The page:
Eden-Rose Baker is an opinion columnist for Mustang News and journalism junior. The views expressed in this article do not necessarily reflect those of Mustang News.
I have never felt less motivated for the first day of school than I was this year. The fact that I have been sitting in a classroom, studying, taking notes and doing homework for the past fifteen years hit me hard, and I realized the harsh truth: I don’t want to do it anymore.
Usually during week one I am a hardworking student, and I prepare a homework routine to carry myself through the quarter. This quarter, I went out with my friends every night, and the mounting pressure of assignments hardly phased me.
I thought that this was a post-summer slump that would only last a week, but instead, it lasted the entire quarter. Every morning when my alarm rang, I pressed snooze at least twice. At this point, I know that if I miss class, the world won’t end, so going feels optional.
If only that were true, though, missing class impacts my grade, my GPA and my potential to apply to grad schools. The fact of the matter is, though, that I am burnt out from having the same routine for so long. So, staying home, taking care of myself and ditching that routine feels essential.
This switched from self-care to an issue when questioning whether or not going to class is worth it and counting down the minutes to a class being over, became part of my routine.
The third year of college is a transitional year where internships, on top of keeping up with studies, become a focal point. This pressure forces students to focus both on school and vocation, which reduces the amount of efficient work a person can produce because their brain is lacking the capacity to perform both skills successfully.
Internships are also highly competitive, which makes the idea that students need to get one even more stressful. Since internships typically have more applicants than spots, this forces students to produce as much work as possible while competing with their peers. This is anxiety-producing because it impacts both a person’s social and vocational lives.
Social media and movies have also created this perception of college involving everyone going out and partying all the time.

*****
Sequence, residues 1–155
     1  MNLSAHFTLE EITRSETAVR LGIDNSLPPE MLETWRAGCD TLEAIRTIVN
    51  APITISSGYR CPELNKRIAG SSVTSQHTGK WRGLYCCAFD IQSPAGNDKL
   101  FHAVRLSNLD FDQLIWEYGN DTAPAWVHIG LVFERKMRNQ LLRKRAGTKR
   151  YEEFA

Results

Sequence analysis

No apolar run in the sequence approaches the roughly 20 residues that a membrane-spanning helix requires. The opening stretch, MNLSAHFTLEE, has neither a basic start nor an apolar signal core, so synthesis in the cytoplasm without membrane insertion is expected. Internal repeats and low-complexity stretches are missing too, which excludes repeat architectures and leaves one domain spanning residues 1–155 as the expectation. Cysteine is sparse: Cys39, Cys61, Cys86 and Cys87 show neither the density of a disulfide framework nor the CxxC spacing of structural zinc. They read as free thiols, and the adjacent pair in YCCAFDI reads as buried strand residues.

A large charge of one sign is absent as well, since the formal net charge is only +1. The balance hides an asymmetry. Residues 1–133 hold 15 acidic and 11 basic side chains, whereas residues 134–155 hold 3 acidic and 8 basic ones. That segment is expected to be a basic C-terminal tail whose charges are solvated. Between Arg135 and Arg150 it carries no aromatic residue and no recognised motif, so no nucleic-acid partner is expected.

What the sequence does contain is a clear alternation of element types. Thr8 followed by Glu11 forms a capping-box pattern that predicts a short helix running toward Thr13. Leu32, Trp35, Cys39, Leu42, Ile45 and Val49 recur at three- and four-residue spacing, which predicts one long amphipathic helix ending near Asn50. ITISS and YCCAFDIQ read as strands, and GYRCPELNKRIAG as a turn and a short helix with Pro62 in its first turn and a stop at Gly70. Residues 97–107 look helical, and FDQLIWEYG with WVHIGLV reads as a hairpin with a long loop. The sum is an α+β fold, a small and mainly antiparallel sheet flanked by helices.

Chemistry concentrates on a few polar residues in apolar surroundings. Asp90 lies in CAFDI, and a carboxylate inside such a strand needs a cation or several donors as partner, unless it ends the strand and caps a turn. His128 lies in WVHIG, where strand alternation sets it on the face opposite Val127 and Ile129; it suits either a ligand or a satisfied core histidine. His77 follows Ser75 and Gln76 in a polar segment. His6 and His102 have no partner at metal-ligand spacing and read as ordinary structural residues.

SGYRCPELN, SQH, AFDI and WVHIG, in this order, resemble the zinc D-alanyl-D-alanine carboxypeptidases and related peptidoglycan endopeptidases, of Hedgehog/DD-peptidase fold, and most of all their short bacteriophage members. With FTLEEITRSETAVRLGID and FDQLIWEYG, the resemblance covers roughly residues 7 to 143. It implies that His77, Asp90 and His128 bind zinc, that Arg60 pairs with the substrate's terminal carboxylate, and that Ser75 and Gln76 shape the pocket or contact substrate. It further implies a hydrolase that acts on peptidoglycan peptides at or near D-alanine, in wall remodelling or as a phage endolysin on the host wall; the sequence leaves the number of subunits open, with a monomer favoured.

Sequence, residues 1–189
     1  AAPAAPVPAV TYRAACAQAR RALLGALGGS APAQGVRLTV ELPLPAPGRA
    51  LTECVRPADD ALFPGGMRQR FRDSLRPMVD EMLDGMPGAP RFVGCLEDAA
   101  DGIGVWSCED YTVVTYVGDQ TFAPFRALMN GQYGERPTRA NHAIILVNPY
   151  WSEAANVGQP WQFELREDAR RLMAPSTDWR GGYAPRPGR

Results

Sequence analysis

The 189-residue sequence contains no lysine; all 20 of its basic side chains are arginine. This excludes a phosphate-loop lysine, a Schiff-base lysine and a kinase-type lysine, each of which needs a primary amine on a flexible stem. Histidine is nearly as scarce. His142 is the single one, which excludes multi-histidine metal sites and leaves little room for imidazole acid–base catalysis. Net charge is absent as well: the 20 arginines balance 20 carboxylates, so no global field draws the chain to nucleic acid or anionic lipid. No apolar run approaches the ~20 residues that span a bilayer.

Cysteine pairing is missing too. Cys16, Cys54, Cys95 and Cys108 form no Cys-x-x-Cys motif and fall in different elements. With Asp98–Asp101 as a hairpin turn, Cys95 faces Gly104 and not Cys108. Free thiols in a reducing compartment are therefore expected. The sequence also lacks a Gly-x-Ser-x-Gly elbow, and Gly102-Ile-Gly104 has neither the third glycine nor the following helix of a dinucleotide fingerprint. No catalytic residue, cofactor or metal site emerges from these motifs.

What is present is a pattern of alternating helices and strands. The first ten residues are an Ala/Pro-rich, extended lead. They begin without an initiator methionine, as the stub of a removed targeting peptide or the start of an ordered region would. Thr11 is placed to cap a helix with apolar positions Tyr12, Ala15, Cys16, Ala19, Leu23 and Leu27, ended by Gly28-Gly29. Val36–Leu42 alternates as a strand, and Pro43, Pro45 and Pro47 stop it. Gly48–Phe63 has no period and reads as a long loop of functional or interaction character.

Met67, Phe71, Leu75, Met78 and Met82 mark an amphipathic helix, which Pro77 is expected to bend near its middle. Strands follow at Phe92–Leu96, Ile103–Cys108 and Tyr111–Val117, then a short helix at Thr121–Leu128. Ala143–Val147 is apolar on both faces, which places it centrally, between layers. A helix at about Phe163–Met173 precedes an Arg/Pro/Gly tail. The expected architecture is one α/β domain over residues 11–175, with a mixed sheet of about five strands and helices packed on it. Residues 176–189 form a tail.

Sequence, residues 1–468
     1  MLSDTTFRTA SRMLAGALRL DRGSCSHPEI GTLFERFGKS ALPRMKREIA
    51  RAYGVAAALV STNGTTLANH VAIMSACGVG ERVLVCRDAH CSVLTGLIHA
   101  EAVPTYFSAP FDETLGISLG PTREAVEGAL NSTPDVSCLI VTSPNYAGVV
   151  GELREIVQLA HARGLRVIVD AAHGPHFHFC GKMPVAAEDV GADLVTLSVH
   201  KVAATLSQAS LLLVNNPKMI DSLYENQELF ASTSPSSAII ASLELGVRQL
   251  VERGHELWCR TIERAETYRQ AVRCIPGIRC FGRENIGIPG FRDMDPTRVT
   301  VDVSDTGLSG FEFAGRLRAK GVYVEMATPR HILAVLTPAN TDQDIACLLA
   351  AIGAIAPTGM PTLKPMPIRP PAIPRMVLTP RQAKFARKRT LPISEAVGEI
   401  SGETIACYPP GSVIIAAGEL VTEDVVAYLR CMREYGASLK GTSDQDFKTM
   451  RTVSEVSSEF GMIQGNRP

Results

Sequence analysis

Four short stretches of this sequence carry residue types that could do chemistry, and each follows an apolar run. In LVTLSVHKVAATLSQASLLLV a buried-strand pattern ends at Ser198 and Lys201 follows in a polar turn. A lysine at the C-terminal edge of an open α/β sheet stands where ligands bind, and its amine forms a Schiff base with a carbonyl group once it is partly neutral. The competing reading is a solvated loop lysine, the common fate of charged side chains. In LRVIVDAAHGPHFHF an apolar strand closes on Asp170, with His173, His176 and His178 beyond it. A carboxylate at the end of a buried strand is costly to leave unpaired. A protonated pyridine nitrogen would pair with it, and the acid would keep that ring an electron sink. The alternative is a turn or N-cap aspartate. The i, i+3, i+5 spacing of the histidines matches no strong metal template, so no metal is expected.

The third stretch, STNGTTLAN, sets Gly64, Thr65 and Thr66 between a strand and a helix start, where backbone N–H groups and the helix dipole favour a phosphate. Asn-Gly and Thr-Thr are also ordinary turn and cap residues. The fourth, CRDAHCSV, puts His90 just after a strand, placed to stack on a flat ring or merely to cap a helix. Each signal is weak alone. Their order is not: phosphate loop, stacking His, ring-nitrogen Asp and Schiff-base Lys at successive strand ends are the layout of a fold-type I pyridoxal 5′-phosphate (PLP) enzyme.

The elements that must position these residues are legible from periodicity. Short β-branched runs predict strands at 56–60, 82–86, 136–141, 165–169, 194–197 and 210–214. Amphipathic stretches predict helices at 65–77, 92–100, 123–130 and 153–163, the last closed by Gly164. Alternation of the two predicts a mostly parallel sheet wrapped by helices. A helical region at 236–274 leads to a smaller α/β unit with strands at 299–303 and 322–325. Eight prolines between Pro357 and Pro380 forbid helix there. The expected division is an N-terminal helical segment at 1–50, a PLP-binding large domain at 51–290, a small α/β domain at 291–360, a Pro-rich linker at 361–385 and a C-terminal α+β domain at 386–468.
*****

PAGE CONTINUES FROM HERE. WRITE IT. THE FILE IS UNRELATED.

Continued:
My friend and I were having a conversation this summer about how after two years of peer pressure, a lot of us are just feeling drained. Going out and socializing is no longer fun and exciting because it feels forced.
The one thing about school and the culture surrounding it is that since you are in it for so long, it becomes a huge part of your identity. Once going out and being a student became a struggle, I felt lost. I do not know who I am or what I can achieve outside of being a student.
Losing interest in what I know is forcing me to figure out who I am aside from being a student or trying to fit into social castes. Figuring out who I am has been uncomfortable because I have lost connections that no longer feel right and have lost interest in activities I usually enjoy. Growing bored with what I know is forcing me to figure out what is truly best for me, and it is scary, exhilarating and lonely.
Some people are also beginning to think about and apply to grad schools. There is pressure to get a master’s or Ph.D. to get higher-paying jobs and climb up the corporate ladder. I was told to go to grad school straight out of undergrad rather than taking time off because most people who take time off don’t go back.
If I am already burnt out trying to crawl my way to the end of the road for undergrad, I don’t think continuing this routine and not taking time for myself would be beneficial.
Aside from what I am experiencing, other people are feeling the pressure, now that we are halfway done, to do as much as possible because there is only so much time left. College is often portrayed as the “best years of your life,” and students feel the need to live up to that.
“I feel like this is the last year for me to have fun,” environmental management and protection junior Tess Whitsett said. “Next year is when things get serious where I have to think about where I’m living or what I’m doing after graduation.”
This pressure to make college the best years of your life, on top of establishing a career, forces people to be doing something all the time. After two years of this pressure, I am burnt out and feel a constant need to rest.
Another factor that adds to this burnout is juniors feeling the need to catch up socially after their freshman year being online and needing to utilize sophomore year to adjust to college life.
“I can always retake a class, but I can’t get back that time when I get to build relationships,” business junior Zack Van Blarcom said. “When your first year and a half is all online, finally getting the chance to build relationships seems more important.”
The third year of college represents a lot of change and pressure. It is important to remember to be gentle with yourself as you figure everything out and to realize that you are not alone in your feelings.